21 July 2019

Wiksten Shift Dress and Top



I finally finished my Wiksten Shift Dress and Top.  It is a simple, well-designed pattern that is beautifully presented and very well designed. It looks much better on the body than it does off....so keep that in mind when you look at the photos. I did not have anyone to take images of the dress on me, but had hoped the dress form would show it to advantage...but it didn’t really accomplish that! I used a lovely, lightweight, cotton ikat fabric that I bought from my favorite place for clothing fabrics....Stonemountain from Berkeley, California. They always seem to offer beautiful, unique fabrics that make me want to sew. The colors of the fabric are an unusual choice for me. While natural and brown colors tend to look just fine on me I seldom seem to buy or wear them. For some reason this design struck and chord and I just had to have some of it. 

The Wiksten Shift Dress and Top pattern features simple lines, patch pockets, a very nice, slightly gathered back yoke, neckline facings and cut-on sleeves. Cut-on sleeves are not generally a style that I like and with my, ahem, mature figure, they seldom do me favors. That being said, the design of these sleeves is actually quite nice and both versions of the sleeves, short and 3/4 length look quite good. I chose to make the 3/4 length. 



One of the things that I think is important with Wiksten patterns is to look closely at the finished size chart. It provides invaluable information and I wish that all pattern companies included it with their patterns. Wiksten also states that their sizing is generous because they like clothes to fit loosely. I do too! I made a muslin for this simple pattern based on using the sizing chart that most closely suited my measurements. Making a muslin was an example of me being cautious. I did not want to waste any of the fabric....and as it turned out I was very glad that I had made a muslin. I ended up going down two sizes! As made in my first muslin the dress equates to the look of a potato sack. Once I got the muslin adjusted I liked the dress a lot...and went ahead and cut out my ikat fabric.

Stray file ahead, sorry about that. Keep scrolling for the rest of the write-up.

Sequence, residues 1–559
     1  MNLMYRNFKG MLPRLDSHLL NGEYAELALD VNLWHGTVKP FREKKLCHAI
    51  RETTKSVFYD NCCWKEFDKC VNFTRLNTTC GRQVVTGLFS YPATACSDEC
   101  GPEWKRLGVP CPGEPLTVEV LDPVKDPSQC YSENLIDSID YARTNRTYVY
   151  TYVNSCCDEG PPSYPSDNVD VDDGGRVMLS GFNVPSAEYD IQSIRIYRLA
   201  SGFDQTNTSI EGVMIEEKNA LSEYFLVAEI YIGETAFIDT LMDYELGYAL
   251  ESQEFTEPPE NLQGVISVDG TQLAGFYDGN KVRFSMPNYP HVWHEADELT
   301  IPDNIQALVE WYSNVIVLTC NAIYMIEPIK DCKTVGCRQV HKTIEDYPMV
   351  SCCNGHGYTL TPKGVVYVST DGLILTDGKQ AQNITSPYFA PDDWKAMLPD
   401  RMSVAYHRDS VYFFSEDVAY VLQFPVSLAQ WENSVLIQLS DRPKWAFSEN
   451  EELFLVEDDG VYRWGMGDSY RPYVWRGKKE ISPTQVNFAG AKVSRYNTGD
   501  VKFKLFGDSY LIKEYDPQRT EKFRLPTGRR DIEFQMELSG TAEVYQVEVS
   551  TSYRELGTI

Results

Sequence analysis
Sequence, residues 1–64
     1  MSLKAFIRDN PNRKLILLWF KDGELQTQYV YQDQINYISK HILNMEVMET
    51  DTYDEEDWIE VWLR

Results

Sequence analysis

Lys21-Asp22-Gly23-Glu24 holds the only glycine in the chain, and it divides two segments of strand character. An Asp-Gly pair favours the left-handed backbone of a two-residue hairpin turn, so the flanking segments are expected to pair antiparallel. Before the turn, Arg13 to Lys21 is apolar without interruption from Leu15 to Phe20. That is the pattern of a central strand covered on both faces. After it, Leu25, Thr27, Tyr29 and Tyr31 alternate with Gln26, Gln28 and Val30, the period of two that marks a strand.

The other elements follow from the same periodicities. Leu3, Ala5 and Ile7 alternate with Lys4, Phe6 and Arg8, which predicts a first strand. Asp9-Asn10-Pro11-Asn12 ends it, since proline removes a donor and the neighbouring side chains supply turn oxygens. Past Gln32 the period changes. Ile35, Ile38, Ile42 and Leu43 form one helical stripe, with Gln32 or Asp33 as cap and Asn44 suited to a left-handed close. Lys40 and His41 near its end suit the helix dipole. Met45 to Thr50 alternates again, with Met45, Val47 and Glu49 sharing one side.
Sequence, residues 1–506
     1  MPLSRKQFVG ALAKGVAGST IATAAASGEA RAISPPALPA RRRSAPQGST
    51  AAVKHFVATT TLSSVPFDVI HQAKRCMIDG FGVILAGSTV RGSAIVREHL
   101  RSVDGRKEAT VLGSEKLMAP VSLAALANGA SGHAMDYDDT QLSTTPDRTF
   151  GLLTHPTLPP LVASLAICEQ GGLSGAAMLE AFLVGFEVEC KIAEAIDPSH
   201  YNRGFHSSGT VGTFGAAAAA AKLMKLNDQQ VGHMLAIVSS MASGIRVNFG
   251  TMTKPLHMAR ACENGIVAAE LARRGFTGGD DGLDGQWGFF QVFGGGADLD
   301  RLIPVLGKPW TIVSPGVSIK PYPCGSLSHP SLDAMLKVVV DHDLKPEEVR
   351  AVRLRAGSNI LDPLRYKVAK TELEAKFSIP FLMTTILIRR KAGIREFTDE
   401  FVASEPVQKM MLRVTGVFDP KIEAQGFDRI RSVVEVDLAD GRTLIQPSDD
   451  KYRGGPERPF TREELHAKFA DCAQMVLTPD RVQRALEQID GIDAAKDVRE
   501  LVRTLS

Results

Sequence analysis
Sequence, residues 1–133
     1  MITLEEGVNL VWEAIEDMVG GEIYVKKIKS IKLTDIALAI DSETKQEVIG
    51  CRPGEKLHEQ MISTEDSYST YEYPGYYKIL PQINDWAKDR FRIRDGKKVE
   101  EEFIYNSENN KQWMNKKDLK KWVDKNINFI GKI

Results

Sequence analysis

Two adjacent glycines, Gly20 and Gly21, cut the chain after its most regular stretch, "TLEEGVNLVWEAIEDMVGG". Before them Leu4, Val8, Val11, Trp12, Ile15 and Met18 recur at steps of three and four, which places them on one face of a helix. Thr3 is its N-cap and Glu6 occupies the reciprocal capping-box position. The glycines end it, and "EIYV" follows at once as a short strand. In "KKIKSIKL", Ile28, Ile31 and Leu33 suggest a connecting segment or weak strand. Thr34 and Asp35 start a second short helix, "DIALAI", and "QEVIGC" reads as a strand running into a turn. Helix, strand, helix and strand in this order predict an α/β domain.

I tried to match my pockets and shoulders with the fabrics design. It worked out fairly well.








I used French Seams throughout. I felt that it was especially necessary because of the weave of the fabric, and in general I love the finished look of French Seams anyway. It was a fun make that I am looking forward to wearing often. Wiksten does a lovely job with directions so I think that this pattern is very suitable for first time beginners. 





Next up? Not certain, but another Wiksten Haori in black is on my mind....

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